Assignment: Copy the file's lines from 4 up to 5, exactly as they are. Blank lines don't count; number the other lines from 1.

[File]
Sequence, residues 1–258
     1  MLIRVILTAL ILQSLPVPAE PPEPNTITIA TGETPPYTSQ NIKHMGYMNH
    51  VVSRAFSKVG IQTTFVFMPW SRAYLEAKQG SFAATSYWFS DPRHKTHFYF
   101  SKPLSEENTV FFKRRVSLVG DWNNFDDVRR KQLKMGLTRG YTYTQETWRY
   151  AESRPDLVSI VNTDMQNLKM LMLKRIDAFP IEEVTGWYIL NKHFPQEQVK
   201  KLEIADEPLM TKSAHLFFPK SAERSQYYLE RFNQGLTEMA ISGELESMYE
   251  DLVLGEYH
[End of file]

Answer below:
   101  SKPLSEENTV FFKRRVSLVG DWNNFDDVRR KQLKMGLTRG YTYTQETWRY
   151  AESRPDLVSI VNTDMQNLKM LMLKRIDAFP IEEVTGWYIL NKHFPQEQVK